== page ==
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Martin O'Neill dismisses talk of him becoming the next Manchester United manager
Published : 27 Feb 2010 15:35:47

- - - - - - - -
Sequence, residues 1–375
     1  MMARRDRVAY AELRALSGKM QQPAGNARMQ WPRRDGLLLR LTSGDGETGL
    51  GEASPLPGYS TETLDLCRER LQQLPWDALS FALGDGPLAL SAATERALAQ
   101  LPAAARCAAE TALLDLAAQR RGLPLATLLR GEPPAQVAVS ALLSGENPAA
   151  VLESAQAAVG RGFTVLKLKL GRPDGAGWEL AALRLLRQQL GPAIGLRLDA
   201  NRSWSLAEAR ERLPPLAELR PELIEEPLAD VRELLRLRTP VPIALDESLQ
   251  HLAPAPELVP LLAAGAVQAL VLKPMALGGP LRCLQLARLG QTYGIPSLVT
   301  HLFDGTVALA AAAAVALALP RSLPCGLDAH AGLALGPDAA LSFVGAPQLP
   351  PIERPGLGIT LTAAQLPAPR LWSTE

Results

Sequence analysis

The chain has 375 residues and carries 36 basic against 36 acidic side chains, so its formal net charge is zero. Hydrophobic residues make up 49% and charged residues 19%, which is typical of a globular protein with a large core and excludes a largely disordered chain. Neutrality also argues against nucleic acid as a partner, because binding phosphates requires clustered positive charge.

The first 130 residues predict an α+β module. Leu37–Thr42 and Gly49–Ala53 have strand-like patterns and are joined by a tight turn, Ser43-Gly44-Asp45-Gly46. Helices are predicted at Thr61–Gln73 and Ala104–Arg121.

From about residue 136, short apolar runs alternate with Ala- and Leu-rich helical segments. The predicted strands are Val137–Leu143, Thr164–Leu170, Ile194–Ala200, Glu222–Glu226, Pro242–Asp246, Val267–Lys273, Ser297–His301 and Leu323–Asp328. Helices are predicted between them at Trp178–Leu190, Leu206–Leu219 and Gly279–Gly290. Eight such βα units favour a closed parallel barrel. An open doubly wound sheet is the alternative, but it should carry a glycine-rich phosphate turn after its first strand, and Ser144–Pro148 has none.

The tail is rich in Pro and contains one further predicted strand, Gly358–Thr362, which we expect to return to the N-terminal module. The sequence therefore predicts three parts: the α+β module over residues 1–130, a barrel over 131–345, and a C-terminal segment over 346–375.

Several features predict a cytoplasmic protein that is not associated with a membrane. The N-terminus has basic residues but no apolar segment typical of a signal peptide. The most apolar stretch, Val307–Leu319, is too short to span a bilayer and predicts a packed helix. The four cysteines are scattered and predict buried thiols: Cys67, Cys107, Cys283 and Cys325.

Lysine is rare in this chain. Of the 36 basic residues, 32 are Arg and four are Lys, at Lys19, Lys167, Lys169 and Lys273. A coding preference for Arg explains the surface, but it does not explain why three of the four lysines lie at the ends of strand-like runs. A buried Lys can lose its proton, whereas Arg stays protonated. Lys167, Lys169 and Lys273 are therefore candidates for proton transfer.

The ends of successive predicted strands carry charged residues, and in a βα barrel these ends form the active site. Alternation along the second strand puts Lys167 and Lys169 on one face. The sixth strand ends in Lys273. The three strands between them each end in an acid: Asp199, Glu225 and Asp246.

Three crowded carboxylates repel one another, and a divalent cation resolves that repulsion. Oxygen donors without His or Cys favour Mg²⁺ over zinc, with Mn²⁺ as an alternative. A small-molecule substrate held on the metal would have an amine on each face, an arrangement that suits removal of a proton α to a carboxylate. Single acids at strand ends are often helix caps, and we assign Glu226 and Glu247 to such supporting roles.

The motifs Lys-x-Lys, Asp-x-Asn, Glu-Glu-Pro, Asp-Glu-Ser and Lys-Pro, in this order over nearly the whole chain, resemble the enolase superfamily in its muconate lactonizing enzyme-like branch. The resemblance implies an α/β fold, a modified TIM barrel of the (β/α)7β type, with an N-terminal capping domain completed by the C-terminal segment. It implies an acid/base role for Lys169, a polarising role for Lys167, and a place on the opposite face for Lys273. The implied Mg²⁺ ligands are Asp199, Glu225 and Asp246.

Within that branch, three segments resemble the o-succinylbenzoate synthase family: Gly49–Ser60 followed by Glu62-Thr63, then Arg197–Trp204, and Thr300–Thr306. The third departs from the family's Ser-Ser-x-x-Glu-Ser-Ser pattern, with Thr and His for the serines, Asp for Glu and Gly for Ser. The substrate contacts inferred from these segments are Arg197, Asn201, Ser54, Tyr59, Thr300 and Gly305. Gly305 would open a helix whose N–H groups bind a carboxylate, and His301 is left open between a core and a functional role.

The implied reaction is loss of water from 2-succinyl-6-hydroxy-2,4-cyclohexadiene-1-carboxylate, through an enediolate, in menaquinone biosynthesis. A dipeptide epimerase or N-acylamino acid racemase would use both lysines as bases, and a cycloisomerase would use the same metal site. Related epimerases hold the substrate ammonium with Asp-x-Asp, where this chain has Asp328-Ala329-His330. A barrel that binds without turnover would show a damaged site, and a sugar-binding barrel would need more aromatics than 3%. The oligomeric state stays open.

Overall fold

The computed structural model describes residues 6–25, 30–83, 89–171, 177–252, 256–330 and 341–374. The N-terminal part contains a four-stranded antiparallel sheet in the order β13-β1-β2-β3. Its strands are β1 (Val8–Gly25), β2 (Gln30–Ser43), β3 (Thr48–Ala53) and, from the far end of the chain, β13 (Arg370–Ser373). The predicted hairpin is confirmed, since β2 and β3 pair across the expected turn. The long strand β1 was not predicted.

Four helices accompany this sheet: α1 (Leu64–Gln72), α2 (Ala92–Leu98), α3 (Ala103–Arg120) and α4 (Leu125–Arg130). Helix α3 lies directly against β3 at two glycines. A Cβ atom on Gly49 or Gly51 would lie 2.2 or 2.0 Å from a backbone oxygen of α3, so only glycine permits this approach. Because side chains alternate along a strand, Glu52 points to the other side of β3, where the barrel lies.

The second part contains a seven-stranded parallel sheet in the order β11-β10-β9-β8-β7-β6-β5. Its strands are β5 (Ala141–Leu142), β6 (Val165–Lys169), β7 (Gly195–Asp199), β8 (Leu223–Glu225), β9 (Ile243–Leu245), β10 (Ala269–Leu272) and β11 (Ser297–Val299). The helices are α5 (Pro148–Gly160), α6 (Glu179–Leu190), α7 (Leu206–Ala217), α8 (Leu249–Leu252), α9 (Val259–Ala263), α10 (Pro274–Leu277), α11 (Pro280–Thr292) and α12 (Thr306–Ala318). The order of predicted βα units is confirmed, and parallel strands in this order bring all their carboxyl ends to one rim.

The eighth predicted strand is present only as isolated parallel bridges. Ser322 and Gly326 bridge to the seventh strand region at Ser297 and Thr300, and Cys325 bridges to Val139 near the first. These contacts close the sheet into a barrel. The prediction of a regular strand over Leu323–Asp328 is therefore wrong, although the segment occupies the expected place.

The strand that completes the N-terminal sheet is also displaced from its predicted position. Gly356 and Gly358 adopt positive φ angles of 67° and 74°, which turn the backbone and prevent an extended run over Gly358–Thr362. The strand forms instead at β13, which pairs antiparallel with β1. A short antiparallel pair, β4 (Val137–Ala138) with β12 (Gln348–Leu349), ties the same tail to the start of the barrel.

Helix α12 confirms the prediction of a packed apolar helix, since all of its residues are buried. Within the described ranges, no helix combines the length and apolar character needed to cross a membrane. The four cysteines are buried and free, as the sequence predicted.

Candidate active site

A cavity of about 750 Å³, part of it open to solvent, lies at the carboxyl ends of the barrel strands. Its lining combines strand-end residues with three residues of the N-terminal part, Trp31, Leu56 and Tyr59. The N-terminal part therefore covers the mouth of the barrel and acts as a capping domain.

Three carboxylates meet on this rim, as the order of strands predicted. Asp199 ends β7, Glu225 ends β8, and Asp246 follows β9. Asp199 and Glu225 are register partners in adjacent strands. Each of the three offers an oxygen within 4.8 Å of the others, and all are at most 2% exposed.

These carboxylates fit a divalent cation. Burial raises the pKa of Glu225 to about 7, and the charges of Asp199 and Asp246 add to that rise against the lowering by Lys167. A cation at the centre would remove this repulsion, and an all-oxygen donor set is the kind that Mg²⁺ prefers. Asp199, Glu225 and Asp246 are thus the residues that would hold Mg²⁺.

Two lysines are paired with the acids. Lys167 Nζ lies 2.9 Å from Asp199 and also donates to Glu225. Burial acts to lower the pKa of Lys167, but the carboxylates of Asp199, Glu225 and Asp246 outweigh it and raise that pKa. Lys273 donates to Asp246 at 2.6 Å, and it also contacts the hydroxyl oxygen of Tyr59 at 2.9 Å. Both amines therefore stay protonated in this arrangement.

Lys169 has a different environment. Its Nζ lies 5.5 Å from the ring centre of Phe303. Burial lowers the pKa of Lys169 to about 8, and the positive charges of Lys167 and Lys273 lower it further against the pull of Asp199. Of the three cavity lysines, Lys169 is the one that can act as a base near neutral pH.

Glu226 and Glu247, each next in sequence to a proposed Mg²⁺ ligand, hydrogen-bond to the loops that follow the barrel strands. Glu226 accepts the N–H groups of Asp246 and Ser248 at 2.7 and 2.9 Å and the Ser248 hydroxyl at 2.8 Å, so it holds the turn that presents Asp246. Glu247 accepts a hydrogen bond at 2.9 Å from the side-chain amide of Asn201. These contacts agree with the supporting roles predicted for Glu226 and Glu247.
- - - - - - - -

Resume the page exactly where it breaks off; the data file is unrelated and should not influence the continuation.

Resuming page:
They can never admit it, of course. That does not stop the rest of football weighing the possibility. Last week, Moyes had the catwalk to himself with victory over United at Goodison. Today the beauty contest repairs to Wembley, where it is O'Neill's turn to show Ferguson a fine pair of heels. At 57, O'Neill probably has one more big posting in him. The fans of Aston Villa, who have not always been kind to him, are increasingly accepting of the idea that he might find career fulfilment at Villa Park. This is the stated aim. Villa's last trophy came 14 years ago. A decade has passed since they last contested a final, the FA Cup in 2000. Two League Cups is the sum of their labours in the 28 years since Peter Withe bundled the ball off a post in Rotterdam to win the European Cup. O'Neill tells you that this is his focus, that the biggest job in domestic football is not a matter for him. "I have never thought about that at all, not for one second, not even when I was up at Celtic. Sir Alex Ferguson will decide, I would reckon probably in the year 2033, when he feels the Champions League has passed him by one last time. I will have departed this earth long before him." O'Neill distances himself from the pageant with characteristic charm. The glow of FA Cup victory over Crystal Palace the night before is still on him. The Pullman that will take the team to London is parked at the door. A sense of anticipation is building. O'Neill is at the centre of the narrative. You sense he would be happy to talk all day. On another afternoon the question of the Ferguson succession might send him spinning out of Bodymoor Heath in a haze of expletives. On this day, he is happy to play keepie uppie with the theme. "Following Ferguson is the impossible job, absolutely. How many times as he won the championship? Ten times, something like that? It has never really bothered me. There is always somebody coming up, somebody whose name is relevant at the time. I never pay any attention to it. I really enjoy my job here. For us to win a couple of competitions in the next couple of seasons is what it is all about, to qualify for the Champions League, that sort of stuff." O'Neill takes questions like Socrates at the Acropolis, stroking his chin in contemplation, as if teasing the words from his mouth in precise order. "The fact that I'm facing Sir Alex Ferguson does not make the difference. The fact that we are in a final at Wembley is enough for you to want to do your very best, to show off your ability. When you are up against Manchester United and Sir Alex in the final it is not so much that you want to raise your game, you have to if you are to win." Oh come now Martin, you have taken four points off him already this season, three of those at Old Trafford. What's to fear? Surely you have his measure. The thought prompts another caress of the jaw, and a smile that suggests the Priory is the place for any who believe that. "I don't think that for one second. People have been trying for a lot of years to get the measure of him. He has done an amazing job even to be at Old Trafford as long as he has, at a club that is demanding success. He has delivered and continues to deliver." OK, that's enough about Ferguson. O'Neill is unique in the upper echelon of English football in his adherence to a domestic template. This is not about believing absolutely in English virtues but in following a line of thinking that respects the league in which he works. Were he in Italy the core would be Italian, German in Germany and so on. That his captain today, Stiliyan Petrov, is Bulgarian, does not contradict the broad sweep of O'Neill's rationale. Neither does the inclusion of John Carew or Carlos Cuéllar. The thrust of the Villa proposition is carried by James Milner, Ashley Young, Gabriel Agbonlahor, Stewart Downing, Emile Heskey, Stephen Warnock, Luke Young and so on. "I do feel that the heartbeat of the football club should be (the nationality of) the league that you are playing in, the core of this team is fundamentally English. That does not mean that I hold everything by it. At Celtic I had a group of Swedes that loved it to death." O'Neill is half way through his fourth year at Villa Park. According to some his reliance on a traditional English structure does not stop at birth certificates. After their recent meeting Arsenal aesthete Arsène Wenger reached for the long ball stick with which to beat O'Neill. Wenger rarely sees virtues in the opposition when they get the better of his team. His stylistic hauteur gets right up O'Neill's nose. Perceptions, one might say, have yet to catch up with the evolving brand of adventure O'Neill is orchestrating. "The stats showed that we played three more long balls than they (Arsenal) did in the game. I had a wee smile when Bacari Sagna hoofed it 80 yards up the pitch in the first few minutes against Sunderland. I get irritated. I should have remembered that he said Manchester United were anti-football." Victory today, O'Neill believes, will authenticate his approach and reinforce in the Villa players a greater sense of their own worth. It will also keep the debate rattling along, ensuring that when Fergie retires to the turf, Jose Mourinho will not have it all his own way.